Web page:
If misery loves company, Ronald Reagan, George Bush and Bill Clinton can take comfort: All three get only mediocre ratings in the two newest surveys to rate the pantheon of presidents.
Among the 41 presidents, Bush ranks 22nd, Clinton 23rd and Reagan 26th in a 300-page book, “Rating the Presidents,” published this month by Citadel Press. The ratings are based on a poll of 719 historians, political scientists and others around the country.
America’s three most recent presidents are lumped among 12 in the average-low category based on a survey of 32 jurors by Arthur M. Schlesinger Jr. for The New York Times Magazine in December.
Presidential rankings invariably provoke spirited debate among those who feel passionate about their presidents, and the latest entrants in the ratings ritual are no exceptions.
“There You Go Again, Liberal Historians and the New York Times Deny Ronald Reagan His Due,” the Heritage Foundation complains in a headline in its March-April issue of Policy Review magazine.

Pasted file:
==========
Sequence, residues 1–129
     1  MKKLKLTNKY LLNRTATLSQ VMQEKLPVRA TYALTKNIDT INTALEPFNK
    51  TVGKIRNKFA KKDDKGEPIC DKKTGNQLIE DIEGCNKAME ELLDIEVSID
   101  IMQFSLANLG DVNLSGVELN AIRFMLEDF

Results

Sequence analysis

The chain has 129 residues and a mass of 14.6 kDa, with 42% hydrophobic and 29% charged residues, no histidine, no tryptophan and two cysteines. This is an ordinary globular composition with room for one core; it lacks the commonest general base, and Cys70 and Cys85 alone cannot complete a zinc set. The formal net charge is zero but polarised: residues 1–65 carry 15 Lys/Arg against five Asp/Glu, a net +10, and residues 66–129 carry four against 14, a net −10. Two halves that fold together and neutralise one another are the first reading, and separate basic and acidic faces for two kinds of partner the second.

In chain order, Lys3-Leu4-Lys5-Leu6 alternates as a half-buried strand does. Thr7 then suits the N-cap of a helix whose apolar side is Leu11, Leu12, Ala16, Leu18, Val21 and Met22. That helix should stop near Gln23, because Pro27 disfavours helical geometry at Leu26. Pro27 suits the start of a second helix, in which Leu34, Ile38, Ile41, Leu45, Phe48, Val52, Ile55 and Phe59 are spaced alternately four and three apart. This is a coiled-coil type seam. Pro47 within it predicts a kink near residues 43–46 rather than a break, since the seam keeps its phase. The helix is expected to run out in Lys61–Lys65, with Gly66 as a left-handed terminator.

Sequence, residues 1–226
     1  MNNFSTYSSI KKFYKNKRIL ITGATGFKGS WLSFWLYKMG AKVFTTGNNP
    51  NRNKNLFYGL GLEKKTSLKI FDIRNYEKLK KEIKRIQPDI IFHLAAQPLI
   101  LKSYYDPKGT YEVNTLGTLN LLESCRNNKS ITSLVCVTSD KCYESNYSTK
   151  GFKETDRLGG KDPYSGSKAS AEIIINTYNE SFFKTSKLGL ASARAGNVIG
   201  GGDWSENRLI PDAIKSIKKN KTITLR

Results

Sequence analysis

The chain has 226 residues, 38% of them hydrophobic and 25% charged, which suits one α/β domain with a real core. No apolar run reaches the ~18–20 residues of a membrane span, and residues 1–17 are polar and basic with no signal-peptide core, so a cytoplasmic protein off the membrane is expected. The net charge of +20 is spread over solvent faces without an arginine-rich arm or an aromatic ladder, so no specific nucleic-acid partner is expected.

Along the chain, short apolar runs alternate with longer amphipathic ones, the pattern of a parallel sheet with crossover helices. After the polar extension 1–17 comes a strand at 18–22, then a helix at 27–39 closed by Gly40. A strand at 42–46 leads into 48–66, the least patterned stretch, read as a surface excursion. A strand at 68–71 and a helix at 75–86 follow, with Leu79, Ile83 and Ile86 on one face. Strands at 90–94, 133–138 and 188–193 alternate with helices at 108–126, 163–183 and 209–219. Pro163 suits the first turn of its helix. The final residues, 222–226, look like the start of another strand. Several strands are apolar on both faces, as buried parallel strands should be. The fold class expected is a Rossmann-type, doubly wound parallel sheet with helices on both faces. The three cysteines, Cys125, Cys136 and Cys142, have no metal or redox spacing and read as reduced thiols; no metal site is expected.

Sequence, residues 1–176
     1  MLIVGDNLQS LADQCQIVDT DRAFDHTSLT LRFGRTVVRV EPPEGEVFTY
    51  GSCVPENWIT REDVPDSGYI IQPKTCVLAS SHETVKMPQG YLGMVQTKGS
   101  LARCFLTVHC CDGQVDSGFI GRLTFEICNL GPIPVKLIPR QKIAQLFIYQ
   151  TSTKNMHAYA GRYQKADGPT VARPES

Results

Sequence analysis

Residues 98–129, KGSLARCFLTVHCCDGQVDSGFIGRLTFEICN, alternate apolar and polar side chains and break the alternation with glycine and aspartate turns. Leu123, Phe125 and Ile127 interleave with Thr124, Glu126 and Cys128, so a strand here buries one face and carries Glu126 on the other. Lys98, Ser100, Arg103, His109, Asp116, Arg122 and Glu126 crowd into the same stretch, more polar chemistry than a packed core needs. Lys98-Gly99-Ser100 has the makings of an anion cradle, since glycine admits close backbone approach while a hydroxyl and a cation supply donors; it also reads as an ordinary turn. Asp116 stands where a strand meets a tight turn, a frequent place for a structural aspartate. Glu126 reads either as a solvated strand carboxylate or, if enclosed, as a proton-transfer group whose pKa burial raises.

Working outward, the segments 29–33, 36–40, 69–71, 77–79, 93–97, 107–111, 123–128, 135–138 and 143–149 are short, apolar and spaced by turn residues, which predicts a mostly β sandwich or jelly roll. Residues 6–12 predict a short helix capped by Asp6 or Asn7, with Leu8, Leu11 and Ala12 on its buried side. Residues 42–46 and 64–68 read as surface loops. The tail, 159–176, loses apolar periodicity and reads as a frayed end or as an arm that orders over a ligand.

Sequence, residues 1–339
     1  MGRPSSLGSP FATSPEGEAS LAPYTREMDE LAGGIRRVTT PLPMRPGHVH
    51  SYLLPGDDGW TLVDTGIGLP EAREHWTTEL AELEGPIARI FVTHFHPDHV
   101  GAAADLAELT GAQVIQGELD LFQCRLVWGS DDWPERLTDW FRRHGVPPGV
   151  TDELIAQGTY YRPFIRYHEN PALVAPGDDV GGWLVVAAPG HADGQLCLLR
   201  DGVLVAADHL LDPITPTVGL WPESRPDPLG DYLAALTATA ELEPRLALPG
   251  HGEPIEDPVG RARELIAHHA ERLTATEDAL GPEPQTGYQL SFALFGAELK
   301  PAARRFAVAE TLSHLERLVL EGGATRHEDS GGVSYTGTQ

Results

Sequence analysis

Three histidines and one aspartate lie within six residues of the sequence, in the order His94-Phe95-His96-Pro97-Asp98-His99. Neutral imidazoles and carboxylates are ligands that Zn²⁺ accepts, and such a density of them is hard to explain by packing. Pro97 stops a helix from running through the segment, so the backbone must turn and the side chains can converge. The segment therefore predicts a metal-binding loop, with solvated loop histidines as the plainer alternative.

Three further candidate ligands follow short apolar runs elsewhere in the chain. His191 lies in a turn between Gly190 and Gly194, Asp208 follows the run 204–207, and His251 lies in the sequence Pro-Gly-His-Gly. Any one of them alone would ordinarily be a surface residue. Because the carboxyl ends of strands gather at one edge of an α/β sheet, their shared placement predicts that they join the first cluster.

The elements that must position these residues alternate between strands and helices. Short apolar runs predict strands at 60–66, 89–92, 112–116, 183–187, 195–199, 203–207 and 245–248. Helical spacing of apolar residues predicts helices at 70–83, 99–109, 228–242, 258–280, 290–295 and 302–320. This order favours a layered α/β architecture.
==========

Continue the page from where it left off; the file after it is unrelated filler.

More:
“Reagan belongs on Mount Rushmore,” writes William F. Buckley Jr.
All sides acknowledge the particular difficulty of rating presidents of recent vintage, with Schlesinger predicting these men are the most likely to rise or fall in future surveys.
That’s what happened to Eisenhower: He crept from 22nd in a 1962 survey by Arthur Schlesinger Sr. to average-high in the younger Schlesinger’s latest survey and ninth in “Rating the Presidents,” written by William J. Ridings Jr. and Stuart B. McIver.
It wasn’t until Eisenhower’s presidential papers became available in the 1970s that the impression of him as a “sleepy, symbolic leader” gave way to the idea that he was well informed but used intermediaries to carry out his will, said Fred Greenstein, a scholar at Princeton University and an Eisenhower biographer.
The truly great, all sides agree, achieved that stature by leading the country boldly through times of particular trial, such as the Civil War, World War II and the Great Depression.
Still, some historians shrink at the notion of assigning grades at all.
“It’s an empty and vacuous exercise,” says Greenstein. “Presidential greatness is in the eye of the beholder.”
Further, Greenstein says, the rankings condense different qualities into one result. Is it useful, he asks, to give Richard Nixon an “A” for foreign policy and an “F” for dirty politics and then average the two?